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Top CEOs Don’t Read Getting Things Done

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The New York Times ran an article about the books that sit on the shelves of America’s Top C.E.Os. Surprisingly, there’s not many business or productivity books like Getting Things Done or The 7 Habits of Highly Effective People. Instead top C.E.Os fill their libraries with fiction, poetry, and biographies.

Take Apple CEO, Steve Jobs. Mr. Jobs has an extensive collection of works by William Blake, an 18th century mystic poet and artist. Michael Moritz, the venture capitalist who took PayPal, Google, and YouTube public, reads T. E. Lawrence’s ‘Seven Pillars of Wisdom.’ The article reports C.E.Os with an interest in climate change aren’t reading Al Gore, but rather books from the 15th century about the weather, Egyptian droughts, and even replicas of Sumerian tablets recording extraordinary changes in climate.

Why C.E.Os read fiction, poetry, philosophy, and biographies

It teaches you how to think. Most business books set everything out for the reader in a step-by-step fashion which doesn’t require much mental participation. Fiction, on the other hand, requires the reader to actively take part with the author in order to synthesize the message. The same is true with philosophy or poetry.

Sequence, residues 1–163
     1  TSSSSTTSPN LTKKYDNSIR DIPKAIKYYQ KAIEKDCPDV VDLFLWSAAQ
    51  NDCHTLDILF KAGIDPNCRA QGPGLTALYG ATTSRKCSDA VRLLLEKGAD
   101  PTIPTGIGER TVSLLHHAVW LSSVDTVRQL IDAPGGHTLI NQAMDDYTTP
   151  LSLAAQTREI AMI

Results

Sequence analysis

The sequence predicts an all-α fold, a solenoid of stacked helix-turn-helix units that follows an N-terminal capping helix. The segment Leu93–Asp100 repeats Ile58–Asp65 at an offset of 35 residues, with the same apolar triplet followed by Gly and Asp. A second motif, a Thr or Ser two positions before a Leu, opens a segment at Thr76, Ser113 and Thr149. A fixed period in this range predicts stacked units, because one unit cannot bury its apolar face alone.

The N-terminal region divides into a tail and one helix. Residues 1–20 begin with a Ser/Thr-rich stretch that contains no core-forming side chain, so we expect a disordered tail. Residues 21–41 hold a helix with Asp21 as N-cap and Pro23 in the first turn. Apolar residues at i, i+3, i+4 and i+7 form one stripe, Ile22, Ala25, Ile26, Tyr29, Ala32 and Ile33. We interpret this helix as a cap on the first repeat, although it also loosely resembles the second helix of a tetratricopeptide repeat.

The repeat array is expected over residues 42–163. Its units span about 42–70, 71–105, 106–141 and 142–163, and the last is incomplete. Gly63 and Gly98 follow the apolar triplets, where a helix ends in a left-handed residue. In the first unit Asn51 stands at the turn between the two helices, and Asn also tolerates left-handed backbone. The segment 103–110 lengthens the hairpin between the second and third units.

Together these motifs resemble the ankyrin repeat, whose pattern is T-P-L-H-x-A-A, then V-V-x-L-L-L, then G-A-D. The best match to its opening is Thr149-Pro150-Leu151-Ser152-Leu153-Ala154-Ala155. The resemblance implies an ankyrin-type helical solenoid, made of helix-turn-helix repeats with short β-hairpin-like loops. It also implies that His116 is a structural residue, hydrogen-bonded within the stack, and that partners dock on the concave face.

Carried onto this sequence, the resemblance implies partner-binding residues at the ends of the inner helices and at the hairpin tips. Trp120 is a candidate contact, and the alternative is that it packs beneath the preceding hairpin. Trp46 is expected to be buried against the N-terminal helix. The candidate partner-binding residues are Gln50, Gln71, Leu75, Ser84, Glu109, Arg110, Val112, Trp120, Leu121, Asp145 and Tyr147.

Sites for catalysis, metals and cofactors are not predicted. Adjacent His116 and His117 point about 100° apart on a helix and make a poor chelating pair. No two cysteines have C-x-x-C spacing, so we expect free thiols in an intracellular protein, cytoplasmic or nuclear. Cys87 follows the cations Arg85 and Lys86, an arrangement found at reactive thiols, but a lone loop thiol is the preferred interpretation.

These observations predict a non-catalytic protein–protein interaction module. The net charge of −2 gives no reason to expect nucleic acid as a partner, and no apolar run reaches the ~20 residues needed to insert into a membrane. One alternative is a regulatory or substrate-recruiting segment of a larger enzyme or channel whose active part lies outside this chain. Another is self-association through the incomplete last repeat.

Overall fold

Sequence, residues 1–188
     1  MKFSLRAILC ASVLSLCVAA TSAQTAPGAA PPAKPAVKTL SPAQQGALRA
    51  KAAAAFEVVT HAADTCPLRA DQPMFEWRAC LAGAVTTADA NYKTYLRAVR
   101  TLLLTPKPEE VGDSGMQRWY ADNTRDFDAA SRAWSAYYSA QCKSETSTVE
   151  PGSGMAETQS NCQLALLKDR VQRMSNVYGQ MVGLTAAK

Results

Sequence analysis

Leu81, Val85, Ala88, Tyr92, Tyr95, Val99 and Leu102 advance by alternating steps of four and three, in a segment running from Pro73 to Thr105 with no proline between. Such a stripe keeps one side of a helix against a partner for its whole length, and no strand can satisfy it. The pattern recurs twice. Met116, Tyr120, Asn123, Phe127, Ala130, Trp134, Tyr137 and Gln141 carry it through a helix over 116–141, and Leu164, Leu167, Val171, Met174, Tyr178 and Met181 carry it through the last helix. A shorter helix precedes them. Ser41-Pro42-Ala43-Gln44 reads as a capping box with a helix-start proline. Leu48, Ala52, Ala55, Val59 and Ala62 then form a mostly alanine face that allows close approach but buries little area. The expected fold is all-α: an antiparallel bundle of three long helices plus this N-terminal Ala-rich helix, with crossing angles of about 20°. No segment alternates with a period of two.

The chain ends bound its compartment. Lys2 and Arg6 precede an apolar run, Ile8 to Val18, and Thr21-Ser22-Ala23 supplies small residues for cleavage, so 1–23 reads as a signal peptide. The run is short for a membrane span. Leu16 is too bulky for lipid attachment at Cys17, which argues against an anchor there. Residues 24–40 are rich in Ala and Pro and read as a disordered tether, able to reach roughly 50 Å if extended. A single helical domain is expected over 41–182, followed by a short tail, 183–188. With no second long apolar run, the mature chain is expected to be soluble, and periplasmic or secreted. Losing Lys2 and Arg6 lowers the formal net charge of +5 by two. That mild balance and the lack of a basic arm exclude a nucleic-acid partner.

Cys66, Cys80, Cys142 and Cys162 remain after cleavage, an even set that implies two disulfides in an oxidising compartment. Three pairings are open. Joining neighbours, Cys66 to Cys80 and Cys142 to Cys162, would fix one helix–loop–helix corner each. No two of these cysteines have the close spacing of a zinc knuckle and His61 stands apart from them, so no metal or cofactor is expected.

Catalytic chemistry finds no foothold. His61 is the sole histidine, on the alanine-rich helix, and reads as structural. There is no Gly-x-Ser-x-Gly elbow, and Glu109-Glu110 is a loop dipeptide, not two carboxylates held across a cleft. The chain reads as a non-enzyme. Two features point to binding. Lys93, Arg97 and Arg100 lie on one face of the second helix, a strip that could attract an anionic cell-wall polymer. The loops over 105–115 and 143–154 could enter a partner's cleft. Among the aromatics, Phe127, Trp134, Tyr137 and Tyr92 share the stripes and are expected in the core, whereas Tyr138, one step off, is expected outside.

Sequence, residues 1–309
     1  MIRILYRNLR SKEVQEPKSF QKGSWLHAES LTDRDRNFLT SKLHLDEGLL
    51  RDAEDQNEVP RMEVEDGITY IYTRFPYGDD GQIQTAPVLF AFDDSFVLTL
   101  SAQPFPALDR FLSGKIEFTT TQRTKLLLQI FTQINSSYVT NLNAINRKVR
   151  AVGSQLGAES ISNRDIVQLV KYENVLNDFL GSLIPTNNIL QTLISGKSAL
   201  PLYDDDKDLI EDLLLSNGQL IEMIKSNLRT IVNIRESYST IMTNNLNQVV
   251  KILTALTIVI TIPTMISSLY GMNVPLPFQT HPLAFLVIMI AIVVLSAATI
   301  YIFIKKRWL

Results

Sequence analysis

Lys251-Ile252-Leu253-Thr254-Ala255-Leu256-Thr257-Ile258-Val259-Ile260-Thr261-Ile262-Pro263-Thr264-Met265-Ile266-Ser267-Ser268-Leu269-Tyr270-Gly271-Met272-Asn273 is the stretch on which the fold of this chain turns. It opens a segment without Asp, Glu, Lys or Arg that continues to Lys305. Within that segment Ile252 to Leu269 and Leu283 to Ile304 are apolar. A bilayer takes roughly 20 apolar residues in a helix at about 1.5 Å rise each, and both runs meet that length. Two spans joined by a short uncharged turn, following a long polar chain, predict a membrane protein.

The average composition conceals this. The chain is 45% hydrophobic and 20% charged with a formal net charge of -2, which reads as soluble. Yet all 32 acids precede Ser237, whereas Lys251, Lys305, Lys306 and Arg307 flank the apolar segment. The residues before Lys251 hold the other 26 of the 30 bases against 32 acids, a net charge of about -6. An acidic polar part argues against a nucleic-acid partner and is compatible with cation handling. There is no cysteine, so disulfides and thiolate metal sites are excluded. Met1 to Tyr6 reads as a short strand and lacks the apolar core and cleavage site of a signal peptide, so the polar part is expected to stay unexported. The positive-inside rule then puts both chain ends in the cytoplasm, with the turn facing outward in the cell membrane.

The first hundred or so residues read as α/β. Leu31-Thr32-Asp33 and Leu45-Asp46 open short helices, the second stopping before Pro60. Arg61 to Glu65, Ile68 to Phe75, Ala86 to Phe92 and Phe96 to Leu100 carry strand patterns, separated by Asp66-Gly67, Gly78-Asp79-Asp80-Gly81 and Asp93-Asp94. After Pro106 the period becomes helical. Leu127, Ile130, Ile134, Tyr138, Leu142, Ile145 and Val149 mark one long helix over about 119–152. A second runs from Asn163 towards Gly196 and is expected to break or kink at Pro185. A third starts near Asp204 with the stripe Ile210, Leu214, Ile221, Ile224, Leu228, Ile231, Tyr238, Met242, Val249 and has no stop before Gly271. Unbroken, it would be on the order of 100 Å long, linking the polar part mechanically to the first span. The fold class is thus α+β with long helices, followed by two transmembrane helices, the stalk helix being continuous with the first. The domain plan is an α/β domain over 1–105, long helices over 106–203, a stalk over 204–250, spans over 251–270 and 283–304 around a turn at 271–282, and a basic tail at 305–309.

New ideas. Reading fiction or the classics from antiquity can help C.E.Os make idea connections they couldn’t make just by reading business books. Perhaps Aristotle could shed light on how to lead or maybe Crime and Punishment can give a marketing director an idea for a new ad campaign.

Learn success from the lives of successful people. If you want to be successful, read about the lives of successful people. Biographies are the original self improvement books. From biographies you can learn how history’s most successful people thought and worked. Take what you read from biographies and apply it in your life.

This article reminded me of the value of reading fiction and other non-business/financial books. I think reading fiction and other genres of literature will help me get new insights for law school and my blog. Perhaps Ovid has something to say about personal finance or maybe Joseph Heller has an insight on how to succeed on law school exams. It’s time I go to the library and find out.

Hat tip my wonderful wife Kate for the article.